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Can Exercise Cause Hemorrhaging?

author image Dan Harriman
Dan Harriman began writing professionally in 2009 and has a varied background in marketing, ranging from sports management to music promotion. Harriman holds a Bachelor of Science in journalism with an emphasis on strategic communications from the University of Kansas and earned the International Advertising Association's diploma in marketing communications.
Can Exercise Cause Hemorrhaging?
Wide shot of people lifting weights in a gym. Photo Credit: targovcom/iStock/Getty Images

Exercise can cause certain hemorrhages. The severity and dangers associated with the hemorrhage depends on the type of hemorrhage you are experiencing. Strenuous exercise places significant strain on your body that, though uncommon, can result in your blood vessels bursting, causing a hemorrhage. You can lower the risk of a hemorrhage occurring by following certain guidelines while exercising. See your doctor immediately if you experience symptoms of a severe hemorrhage.

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Subarachnoid Hemorrhage

In some, strenuous exercise spurs exercise headaches. While most exercise headaches -- known as primary exercise headaches -- are no cause for concern, secondary exercise headaches can be caused by an underlying medical condition, including a subarachnoid hemorrhage. A subarachnoid hemorrhage is a dangerous and potentially life-threatening condition that requires immediate medical attention. The hemorrhaging takes place in the space between the brain and the membrane that covers and protects the brain. Hemorrhaging can begin during or after strenuous exercise.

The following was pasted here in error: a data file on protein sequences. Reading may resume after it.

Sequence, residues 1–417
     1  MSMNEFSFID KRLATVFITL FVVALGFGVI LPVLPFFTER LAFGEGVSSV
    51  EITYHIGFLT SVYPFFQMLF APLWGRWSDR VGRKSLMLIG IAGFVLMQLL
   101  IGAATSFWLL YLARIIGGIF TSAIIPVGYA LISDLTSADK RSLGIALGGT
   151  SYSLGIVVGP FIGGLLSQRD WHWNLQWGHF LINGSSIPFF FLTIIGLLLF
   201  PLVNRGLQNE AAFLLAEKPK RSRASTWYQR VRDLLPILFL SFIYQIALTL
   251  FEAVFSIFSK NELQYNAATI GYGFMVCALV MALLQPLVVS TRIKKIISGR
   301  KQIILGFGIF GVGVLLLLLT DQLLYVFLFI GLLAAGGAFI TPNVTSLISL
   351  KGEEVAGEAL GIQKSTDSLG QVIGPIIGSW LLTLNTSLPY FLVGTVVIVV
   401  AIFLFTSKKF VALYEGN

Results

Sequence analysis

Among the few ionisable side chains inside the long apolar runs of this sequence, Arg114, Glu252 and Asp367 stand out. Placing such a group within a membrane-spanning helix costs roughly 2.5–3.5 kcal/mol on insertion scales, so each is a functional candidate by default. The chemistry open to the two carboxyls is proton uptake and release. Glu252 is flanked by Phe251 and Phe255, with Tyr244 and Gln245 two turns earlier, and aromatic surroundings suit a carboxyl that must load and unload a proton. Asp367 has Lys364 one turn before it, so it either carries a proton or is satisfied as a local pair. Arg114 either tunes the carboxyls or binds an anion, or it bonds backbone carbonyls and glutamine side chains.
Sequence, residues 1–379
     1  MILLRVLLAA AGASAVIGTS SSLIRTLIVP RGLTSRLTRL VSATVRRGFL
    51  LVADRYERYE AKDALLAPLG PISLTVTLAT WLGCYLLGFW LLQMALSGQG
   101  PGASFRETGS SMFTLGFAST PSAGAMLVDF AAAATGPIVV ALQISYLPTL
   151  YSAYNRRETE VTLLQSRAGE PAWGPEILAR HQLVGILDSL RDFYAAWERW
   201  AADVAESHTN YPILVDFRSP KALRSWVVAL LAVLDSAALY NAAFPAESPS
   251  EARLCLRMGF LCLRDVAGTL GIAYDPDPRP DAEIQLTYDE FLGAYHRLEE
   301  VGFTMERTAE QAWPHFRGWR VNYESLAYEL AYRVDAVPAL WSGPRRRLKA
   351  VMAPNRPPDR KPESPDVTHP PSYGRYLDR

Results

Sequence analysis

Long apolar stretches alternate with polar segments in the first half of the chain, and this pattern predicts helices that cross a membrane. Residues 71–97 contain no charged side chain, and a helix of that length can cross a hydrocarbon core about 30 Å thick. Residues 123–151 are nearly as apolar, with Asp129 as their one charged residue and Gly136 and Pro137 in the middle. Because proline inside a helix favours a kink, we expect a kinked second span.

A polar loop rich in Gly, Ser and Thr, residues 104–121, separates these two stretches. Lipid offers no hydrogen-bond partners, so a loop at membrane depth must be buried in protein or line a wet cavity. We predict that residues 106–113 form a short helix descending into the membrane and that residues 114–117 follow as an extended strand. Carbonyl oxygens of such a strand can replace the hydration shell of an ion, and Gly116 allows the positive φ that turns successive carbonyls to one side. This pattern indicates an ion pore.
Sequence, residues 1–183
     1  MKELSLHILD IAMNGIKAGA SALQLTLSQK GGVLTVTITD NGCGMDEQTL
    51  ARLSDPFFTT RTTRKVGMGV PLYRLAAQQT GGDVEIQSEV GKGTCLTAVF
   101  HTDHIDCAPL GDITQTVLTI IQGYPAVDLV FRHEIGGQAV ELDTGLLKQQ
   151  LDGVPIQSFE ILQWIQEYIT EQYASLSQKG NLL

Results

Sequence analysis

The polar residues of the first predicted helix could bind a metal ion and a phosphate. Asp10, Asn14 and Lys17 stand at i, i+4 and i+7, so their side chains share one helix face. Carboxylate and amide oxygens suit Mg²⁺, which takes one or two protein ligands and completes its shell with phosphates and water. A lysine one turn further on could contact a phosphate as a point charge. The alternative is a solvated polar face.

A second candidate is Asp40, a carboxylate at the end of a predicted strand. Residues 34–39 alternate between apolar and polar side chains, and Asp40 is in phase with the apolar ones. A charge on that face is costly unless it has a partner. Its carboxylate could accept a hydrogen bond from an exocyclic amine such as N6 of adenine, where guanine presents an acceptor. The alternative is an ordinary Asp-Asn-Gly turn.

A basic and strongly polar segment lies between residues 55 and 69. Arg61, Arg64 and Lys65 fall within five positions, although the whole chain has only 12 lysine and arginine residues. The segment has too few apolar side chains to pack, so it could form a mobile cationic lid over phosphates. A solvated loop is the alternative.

Differentiating between a primary exercise headache and a secondary exercise headache can be challenging, as many of the symptoms are the same. In both instances, you may experience a pounding or throbbing that affects both sides of your head. A secondary exercise headache can be identified by additional symptoms though, including double vision or neck rigidity. It is also possible that the headache causes you to become nauseous and vomit. In extreme cases, a loss of consciousness is possible. Another indicator of secondary exercise headaches is the duration of the headache. Typically, secondary exercise headaches last a day, but can potentially last several days.


If your doctor diagnoses you with a subarachnoid hemorrhage, you may need surgery. The ruptured blood vessels are restricted by a metal clip during the invasive procedure, which keeps the brain aneurysm from hemorrhaging again. If surgery is deemed too risky for your condition, your doctor may recommend an endovascular embolization. During this procedure, a tube is inserted through your groin to your brain. The tube delivers coils to the aneurysm, which causes the blood to clot, thereby reducing blood flow.

Subconjunctival Hemorrhage

A subconjunctival hemorrhage, also known as red eye, occurs in the white of the eye. Strenuous exercise, such as lifting heavy weights, can cause small blood vessels in the bulbar conjunctiva -- the white of the eye -- to burst. The strain of lifting weights builds pressure in your head, which can trigger hemorrhaging. Subconjunctival hemorrhages pose no serious health risk and usually clear on their own. Proper breathing technique can help reduce the chances of your blood vessels bursting. Never hold your breath when lifting heavy weights. Breathe continuously to help regulate the pressure that builds in your head when straining.

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